It was a pretty interesting documentary: highlights included Congolese-born European artist Marie Dulne (of Zap Mama)'s explanation of the rhythmic characteristics of various languages, from French to African languages to American English, and a rather amusing scene with a music journalist/beatboxer type speaking in his room, with a wall full of vinyl records and an entire shelf of designer sneakers behind him, and of course lots of footage of performances, from street jams in the 1970s to the present day. And then there was the white guy who got into beatboxing from imitating the Smashing Pumpkins' drums, and not via the hip-hop scene; which is living proof that the technique transcends any one subculture. (In fact I'm surprised that it's considered so esoteric; you'd think that hashing out sounds vocally would be as common as singing in the shower.)
The image quality was iffy in places (some of the footage was obviously recorded on consumer-grade video equipment years ago, and looked quite blurry), but that was offset by some very impressive performances; at one stage, the audience broke out in applause for a second or so.
Four years ago, the remote Himalayan kingdom of Bhutan, founded as a Buddhist sanctuary and acting as the model for the fictional Shangri-La, became the last nation to introduce television, giving Rupert Murdoch's Star TV the rights to broadcast imported entertainment programming to its citizens. Consequently, the crime rate skyrocketed:
"Until recently, we shied away from killing insects, and yet now we Bhutanese are asked to watch people on TV blowing heads off with shotguns. Will we now be blowing each other's heads off?"
The marijuana that flourishes like a weed in every Bhutanese hedgerow was only ever used to feed pigs before the advent of TV, but police have arrested hundreds for smoking it in recent years. Six employees of the Bank of Bhutan have been sentenced for siphoning off 2.4m ngultrums (£40,000). Six weeks before we arrived, 18 people were jailed after a gang of drunken boys broke into houses to steal foreign currency and a 21-inch television set. During the holy Bishwa Karma Puja celebrations, a man was stabbed in the stomach in a fight over alcohol. A middle-class Thimphu boy is serving a sentence after putting on a bandanna and shooting up the ceiling of a local bar with his dad's new gun. Police can barely control the fights at the new hip-hop night on Saturdays.
Ill Mitch, allegedly a Russian rapper, must be the hip-hop equivalent of "my love for you is like a truck byer-zer-ker". (via bOING bOING)
The composer of a UK Garage song recently sued a rap group for damaging his reputation by using his record as a backing track to a song allegedly about drugs and violence. The case, however, was thrown out of the high court because the judge failed to understand the lyrics, and thus couldn't tell whether the song was derogatory or not:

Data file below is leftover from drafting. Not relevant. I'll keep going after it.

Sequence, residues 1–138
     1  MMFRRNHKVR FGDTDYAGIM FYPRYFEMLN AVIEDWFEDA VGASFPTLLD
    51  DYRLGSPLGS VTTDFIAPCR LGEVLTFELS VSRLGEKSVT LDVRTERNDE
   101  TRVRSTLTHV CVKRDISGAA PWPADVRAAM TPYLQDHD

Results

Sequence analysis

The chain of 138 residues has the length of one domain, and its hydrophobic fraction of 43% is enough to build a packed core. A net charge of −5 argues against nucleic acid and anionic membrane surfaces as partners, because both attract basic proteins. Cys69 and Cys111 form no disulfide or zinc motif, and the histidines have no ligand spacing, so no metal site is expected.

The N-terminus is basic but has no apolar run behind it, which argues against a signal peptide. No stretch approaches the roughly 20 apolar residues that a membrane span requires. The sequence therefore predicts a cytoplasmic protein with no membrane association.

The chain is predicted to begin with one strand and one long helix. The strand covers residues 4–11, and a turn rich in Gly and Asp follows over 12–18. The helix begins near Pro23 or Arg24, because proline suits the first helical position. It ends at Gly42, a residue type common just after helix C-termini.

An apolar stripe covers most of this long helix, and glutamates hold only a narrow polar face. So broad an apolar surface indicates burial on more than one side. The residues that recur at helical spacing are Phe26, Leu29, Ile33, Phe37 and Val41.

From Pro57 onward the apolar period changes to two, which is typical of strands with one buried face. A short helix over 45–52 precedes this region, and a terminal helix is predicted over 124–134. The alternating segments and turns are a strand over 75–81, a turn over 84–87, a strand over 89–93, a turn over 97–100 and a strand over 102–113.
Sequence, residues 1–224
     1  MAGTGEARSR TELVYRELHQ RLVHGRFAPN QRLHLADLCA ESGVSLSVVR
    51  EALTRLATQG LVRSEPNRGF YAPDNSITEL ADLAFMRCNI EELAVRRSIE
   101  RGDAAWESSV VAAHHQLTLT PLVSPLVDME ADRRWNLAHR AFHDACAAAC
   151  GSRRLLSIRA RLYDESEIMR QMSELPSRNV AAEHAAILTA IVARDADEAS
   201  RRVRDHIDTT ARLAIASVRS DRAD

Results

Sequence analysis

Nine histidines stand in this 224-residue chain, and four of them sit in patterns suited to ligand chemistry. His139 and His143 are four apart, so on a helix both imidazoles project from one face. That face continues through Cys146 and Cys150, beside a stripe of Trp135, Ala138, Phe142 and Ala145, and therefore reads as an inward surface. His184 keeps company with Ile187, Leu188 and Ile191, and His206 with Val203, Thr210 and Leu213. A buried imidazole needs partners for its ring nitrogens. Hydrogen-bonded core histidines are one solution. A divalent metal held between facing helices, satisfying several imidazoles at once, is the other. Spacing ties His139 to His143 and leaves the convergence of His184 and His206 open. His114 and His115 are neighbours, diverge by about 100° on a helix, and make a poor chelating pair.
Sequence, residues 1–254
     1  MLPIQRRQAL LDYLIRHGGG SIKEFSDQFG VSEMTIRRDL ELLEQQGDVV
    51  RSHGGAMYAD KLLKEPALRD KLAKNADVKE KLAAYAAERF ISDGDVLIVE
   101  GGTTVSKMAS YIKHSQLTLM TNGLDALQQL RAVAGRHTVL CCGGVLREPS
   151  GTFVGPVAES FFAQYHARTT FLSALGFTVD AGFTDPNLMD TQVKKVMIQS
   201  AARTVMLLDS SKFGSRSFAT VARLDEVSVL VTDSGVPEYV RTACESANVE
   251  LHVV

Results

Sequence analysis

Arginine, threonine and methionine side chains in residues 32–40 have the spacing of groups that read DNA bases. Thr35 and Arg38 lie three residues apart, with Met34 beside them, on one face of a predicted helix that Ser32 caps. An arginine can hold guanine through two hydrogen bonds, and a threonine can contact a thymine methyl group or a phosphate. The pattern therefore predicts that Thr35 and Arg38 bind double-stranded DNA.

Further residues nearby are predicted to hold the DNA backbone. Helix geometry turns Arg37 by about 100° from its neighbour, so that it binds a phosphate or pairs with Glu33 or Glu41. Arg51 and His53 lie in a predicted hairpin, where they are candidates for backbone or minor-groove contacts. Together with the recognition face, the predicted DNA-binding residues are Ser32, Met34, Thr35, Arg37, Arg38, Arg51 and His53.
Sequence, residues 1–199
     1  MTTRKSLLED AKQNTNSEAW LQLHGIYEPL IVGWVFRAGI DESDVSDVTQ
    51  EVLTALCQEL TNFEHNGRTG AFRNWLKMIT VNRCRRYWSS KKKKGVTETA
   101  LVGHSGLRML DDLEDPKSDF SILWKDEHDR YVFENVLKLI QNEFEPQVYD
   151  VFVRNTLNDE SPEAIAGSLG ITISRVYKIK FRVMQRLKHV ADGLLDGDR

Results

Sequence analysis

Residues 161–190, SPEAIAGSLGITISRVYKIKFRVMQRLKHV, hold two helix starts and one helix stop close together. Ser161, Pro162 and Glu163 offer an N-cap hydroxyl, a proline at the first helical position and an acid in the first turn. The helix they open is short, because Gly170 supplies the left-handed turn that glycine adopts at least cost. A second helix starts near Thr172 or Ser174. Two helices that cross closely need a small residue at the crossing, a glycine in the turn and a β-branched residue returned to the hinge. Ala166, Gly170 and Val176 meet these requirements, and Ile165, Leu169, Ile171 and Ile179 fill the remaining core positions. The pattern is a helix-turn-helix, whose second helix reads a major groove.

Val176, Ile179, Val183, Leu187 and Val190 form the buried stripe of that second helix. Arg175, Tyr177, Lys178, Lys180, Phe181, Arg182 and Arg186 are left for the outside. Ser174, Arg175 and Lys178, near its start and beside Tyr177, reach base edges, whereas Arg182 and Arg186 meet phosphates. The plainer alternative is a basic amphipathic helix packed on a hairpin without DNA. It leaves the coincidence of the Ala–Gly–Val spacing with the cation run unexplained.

The judge said the claim "led to the faintly surreal experience of three gentlemen in horsehair wigs [himself and the two barristers in the case] examining the meaning of such phrases as 'mish mish man' and 'shizzle my nizzle'." In any event, the words, although in a form of English, were "for practical purposes a foreign language" and he had no expert evidence as to what they meant.
And now, some answers to the timeless question of what does "fo' shizzle my nizzle" mean: (via MeFi)
Originated in medival England in the 17th century, this phrase has changed in meaning completely, from the orignal shorthand denotation of "Alas! An advasary has come upon us! To the catupults!" to the modern definition of "Please grease up my penis."
nah, ya'lls know dat dis chea' mean, "for sure my endearing African-American acquaintance".
Numerous commentators have pointed out that the phrase is considered offensive when used by white people. Though aren't most people who say "fo' shizzle my nizzle" white suburban kids in big yellow shorts?
Apparently Adrien Brody, star of The Pianist, is a hip-hop producer, under the name A Ranger. (via Reenhead)
Brody used the keyboard to study the Chopin pieces he mimed in the film - and to compose a lot of his own music. "Adrien was really affected by the movie, so [the music he made is] interesting, dark, gloomy stuff," says Armstrong, who compares Brody's "Pianist"-era tracks to the rich, syrupy trip-hop of Britain's Portishead and Tricky.
That would be interesting to hear. I wonder if it's any good or if it's something like a trip-hop TOFOG.
Authorities in California are testing a new high-tech solution for catching graffitiists: a network of sensors which detect the sound of aerosol cans and notify police, giving GPS coordinates. A worthy application of space-age technology to tackling contemporary urban blight, or a racist/classist attack on hip-hop culture/people's art, aimed at depriving urban minorities of non-corporate means of communications? Discuss. (via NWD)
Steven Spielberg, undisputed master of cloying, all-American sentimentalism, now plans to bring the major-label hip-hop aesthetic to filmmaking, with "film sampling". Spielberg's Dreamworks plan to create a film by taking bits of footage from older films and digitally inserting Mike Myers into it. Which sounds like it could be every bit as good as Puff Daddy's last few hits.